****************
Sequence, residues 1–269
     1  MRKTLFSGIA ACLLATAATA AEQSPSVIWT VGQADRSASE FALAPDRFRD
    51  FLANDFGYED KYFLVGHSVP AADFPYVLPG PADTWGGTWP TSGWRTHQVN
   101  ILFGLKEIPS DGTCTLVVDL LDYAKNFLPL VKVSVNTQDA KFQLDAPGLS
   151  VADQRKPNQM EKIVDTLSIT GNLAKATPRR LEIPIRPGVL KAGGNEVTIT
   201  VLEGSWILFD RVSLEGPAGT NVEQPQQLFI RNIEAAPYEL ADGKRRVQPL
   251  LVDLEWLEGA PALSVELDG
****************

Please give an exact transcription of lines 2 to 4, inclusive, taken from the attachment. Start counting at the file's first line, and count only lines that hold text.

     1  MRKTLFSGIA ACLLATAATA AEQSPSVIWT VGQADRSASE FALAPDRFRD
    51  FLANDFGYED KYFLVGHSVP AADFPYVLPG PADTWGGTWP TSGWRTHQVN
   101  ILFGLKEIPS DGTCTLVVDL LDYAKNFLPL VKVSVNTQDA KFQLDAPGLS